The questions they ask will be answered with a resounding 'NO' by the majority of billions of people that we share our planet with. In fact, to give any other answer would be deemed anti-humanitarian and cruel. Any such acts would be considered as a grave infringement against human rights and in some cases, where these acts are part of a systematic practice, they might even been regarded as a crime against humanity.
Okay, so that seems pretty straightforward - we are all in agreement. So what's the big deal? Well, the class are actually asking something else of us: but what if I was a whale, would it be okay then?
Therein lies the problem - we are not all in agreement. Some say 'NO' but others say 'YES'. And for some reason, expert advice, as well as peer-reviewed and published scientific evidence, is being ignored, pushed aside and misinterpreted.
Science has proven that free-ranging orca have long lifespans, not dissimilar to our own human lifespan - in captivity orca have a much shorter average longevity, more than halved. Science has proven that many free-ranging orca populations live in tight family units, travelling together their entire lives. Science has shown us that these different populations each have a unique culture and dialect - that they eat different prey-items and hunt, interact and socialise in unique ways. Science has revealed that these unique behaviours and vocalisations are transmitted from mother to offspring - orca learn by being taught (just like Year 5!). In a captive environment, orca are forced to live in artificial populations, sharing a confined space with individuals they would never mix with in the wild; they do not speak the same dialect, do not share the same culture, they do not eat the same food, they would never socialise or mate with each other in the wild and they do not always get along with each other. There have been a number of recorded occasions where captive orca have seriously harmed or even killed another individual within their artificial pod. In the wild, serious aggression between pod members has rarely been observed.
There are also physiological implications. As well as their large size, wild orca swim vast distances each day and dive to depths that captive facilities cannot cater for. The concrete tanks negatively interfere with echolocation, the primary sense in orca and vocal communication between captive individuals is often minimal, including amongst orca types that would usually vocalise frequently in the wild. Orca are capable of abstract thought and problem solving; they are intelligent, sentient beings. Experts conclude that in captivity, orca suffer from sensory deprivation.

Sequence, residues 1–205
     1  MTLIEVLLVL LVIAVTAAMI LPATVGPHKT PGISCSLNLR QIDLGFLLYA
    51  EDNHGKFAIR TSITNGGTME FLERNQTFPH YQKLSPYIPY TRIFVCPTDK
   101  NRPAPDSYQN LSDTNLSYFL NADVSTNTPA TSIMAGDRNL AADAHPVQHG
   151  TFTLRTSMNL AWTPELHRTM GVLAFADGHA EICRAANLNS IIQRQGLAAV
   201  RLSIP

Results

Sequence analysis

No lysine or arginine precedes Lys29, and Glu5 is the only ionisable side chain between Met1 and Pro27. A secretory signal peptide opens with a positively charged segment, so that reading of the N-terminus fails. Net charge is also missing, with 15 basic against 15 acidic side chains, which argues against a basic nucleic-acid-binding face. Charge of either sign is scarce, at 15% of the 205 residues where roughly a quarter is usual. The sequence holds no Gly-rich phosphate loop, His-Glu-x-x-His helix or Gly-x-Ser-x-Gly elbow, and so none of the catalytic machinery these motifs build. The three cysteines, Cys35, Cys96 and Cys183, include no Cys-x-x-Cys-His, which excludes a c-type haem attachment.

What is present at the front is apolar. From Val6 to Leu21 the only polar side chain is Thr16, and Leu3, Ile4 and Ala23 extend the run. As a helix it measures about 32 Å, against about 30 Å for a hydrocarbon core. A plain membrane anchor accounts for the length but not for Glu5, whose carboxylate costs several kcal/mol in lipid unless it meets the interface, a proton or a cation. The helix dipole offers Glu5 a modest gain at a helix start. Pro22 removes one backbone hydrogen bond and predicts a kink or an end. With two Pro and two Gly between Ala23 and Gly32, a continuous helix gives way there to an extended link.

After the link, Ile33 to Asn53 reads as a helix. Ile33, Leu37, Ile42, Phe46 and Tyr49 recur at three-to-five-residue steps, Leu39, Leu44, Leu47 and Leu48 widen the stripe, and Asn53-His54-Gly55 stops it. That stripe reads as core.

Take a moment to explore the idea of keeping orca in captivity by watching this pertinent video from Mr. P and his Year 5 class:
The science (what we know about free-ranging orca contrasted with what we know about captive orca) provides evidence which strongly suggests orca are not suited to a life in captivity. But some disregard this knowledge and say yes, if you were a whale, it would be okay.
After learning about orca captivity from Mr. P, who recently watched the 'Blackfish' documentary, it is a simple, clear, logical answer for Year 5. The answer is a big, whale-sized resounding NO! Even if I were a whale, it would still not be okay to strip me of my dignity; make me perform tricks; feed me dead fish; force me to mix with individuals I don't get along with in a small space I can't escape from; it is not okay to leave me mentally unstimulated and bored; it is not alright to put harmful substances into my space; and it is not acceptable to cut my life short.
We are not sure anyone would answer 'YES' to this next question:
If it is acceptable to put the self-aware Orcinus orca species into captivity, is it okay to do the same with the self-aware Homo sapien species?
For more information on Year 5's whale project, please visit the Davyhulme Year 5 blog - while you are there, leave them a comment!
Orca in the UK
- No orca have been held captive in the United Kingdom since 1991, when the Department of Environment (DOE) reviewed standards and conditions of captive facilities. Revisions were made and even facilities as large and as profitable as $eaWorld do not meet the tank size requirements that were set out by the UK's DOE.
- There are currently no laws which prohibit the display of orca and other dolphins in the UK.
- Facility requirements as set out by the DOE have now expired and there are no current regulations in place for the UK. This is currently one obstacle standing in the way of the reintroduction of dolphinaria to the UK - there are no guidelines as to how big enclosures should be (and really, no tank is big enough!).
Orca Winnie (1977-2002)
- Orca Winnie was the last orca to leave the UK in 1991 - she was shipped from Windsor Safari Park to $eaWorld in the USA.
- Winnie was estimated to be less than 1 years-old at time of capture from Icelandic waters and she spent a total of 24.5 years in captivity.
- Winnie died in 2002 c. 25 years of age. In the wild, average longevity for a free-ranging female orca is an average of 50.2 years, with a maximum longevity of 80-90 years (and records show some wild female orca are over 100 years of age!).
- This recent article by Philip Hoare, entitled 'Our treatment of orca underscores an extraordinary disconnection from the sea', reports on the necropsy findings following Winnie's death: cause of death was from ingesting coins, bits of tank tiles and other objects during her time in captivity.